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Research in Religious Studies: Methods, Contexts, and Thesis Seminar


Admission requirements:

Admission as master student in the programme Theology and Religious Studies (any specialization)


Students in the master programme ‘Theology and Religious Studies’ should develop the competence to do research in religious studies. The master thesis ought to be a piece of academic research, while the graduates of the programme should be able to continue with research in an academic context (PhD research) or in a social setting, for instance in the context of civil service, business or journalism. The course ‘Research in Religious Studies’ seeks to develop the skills to do research, from the articulation of a research question until the presentation of results to colleagues with a somewhat different specialized background. The course will also reflect upon conceptual issues in the study of religion and religions, including ‘the insider/ outsider problem’ – that is, the potential tension between a religious perspective and a scholarly one. The course will also pay attention to contemporary social contexts for religious studies. Furthermore, moral issues as they arise in the context of research – both scholarly integrity, but also issues that may arise in contract research and in work with informants – will be considered. Last but not least, the course will serve as thesis seminar, that is, as a structured process that assists the student and the specialist supervisor in the process that should result in a thesis at the end of the year, and provides an opportunity for the student to exchange experiences and present work in progress to fellow students.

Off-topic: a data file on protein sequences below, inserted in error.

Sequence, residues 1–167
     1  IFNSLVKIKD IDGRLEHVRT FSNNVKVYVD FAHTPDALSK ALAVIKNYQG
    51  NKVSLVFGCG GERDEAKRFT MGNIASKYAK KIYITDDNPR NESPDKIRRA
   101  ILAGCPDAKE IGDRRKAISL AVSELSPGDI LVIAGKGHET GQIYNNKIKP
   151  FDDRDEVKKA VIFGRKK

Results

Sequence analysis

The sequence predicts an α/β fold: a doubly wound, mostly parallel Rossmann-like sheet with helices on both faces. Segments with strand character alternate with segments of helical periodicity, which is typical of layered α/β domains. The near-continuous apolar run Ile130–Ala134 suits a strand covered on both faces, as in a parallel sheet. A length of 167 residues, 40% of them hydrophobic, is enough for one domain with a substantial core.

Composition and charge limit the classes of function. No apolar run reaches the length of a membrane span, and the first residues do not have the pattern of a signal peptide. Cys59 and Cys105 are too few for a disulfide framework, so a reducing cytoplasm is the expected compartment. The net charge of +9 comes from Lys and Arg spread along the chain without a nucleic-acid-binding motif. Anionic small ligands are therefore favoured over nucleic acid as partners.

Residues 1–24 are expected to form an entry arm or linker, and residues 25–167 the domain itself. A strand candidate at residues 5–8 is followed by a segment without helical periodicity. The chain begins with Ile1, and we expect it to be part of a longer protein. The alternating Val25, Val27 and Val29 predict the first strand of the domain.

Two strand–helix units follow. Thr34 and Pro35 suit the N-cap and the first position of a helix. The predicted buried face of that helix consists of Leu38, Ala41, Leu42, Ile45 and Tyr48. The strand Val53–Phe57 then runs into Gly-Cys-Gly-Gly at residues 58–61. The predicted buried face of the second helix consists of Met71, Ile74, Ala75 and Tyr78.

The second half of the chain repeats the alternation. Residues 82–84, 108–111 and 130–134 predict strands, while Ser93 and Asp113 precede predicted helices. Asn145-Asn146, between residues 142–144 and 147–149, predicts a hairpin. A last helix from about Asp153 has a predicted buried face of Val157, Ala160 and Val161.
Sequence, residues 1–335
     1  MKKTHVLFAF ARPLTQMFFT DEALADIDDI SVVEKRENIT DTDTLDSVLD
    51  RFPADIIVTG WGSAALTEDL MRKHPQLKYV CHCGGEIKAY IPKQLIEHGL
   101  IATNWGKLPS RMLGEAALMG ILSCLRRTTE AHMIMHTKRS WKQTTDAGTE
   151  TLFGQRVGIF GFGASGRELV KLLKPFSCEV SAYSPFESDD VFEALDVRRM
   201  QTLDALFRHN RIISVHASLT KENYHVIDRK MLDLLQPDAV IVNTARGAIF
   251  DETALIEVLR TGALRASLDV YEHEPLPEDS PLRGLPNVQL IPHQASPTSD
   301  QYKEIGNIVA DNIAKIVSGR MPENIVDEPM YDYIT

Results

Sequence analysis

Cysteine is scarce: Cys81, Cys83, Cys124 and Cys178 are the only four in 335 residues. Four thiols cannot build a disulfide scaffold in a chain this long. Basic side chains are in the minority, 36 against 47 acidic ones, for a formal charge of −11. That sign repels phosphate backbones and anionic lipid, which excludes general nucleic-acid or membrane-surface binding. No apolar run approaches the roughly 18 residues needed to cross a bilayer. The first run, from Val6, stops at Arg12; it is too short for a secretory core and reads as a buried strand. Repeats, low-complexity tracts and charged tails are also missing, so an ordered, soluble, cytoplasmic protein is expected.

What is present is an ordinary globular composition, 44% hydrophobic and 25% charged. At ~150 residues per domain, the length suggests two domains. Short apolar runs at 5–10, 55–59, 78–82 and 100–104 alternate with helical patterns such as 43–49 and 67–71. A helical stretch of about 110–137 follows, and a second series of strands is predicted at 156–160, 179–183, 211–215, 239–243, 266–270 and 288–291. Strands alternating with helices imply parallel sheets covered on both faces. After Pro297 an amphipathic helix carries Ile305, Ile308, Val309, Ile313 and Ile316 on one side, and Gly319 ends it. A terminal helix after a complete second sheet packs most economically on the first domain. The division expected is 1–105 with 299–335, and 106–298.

This course, which makes use of various methods of instruction, continues through two semesters. In weekly class-room meetings in the first semester and biweekly ones in the second, all masterstudents in religious studies come together to reflect upon methodological and contextual issues in Religious Studies. Some junior and experienced scholars from Leiden University Insitute for Religious Studies will present their research, both their questions and answers, and the way they conduct their research. Students will present their own research, write essays, and do various practical exercises. A detailed programme and weekly readings and assignments will be made available in the Blackboard module for this course.

(Students who enter the programme in February, please contact the instructor as soon as possible for a version of the course programme adapted to your situation.)

Course objectives

  1. Students will develop the skills to articulate a research problem and formulate research questions, to find appropriate resources and study those citically, to make good arguments, and write a good report on research done. Students will develop the skill to present research questions and results to peers.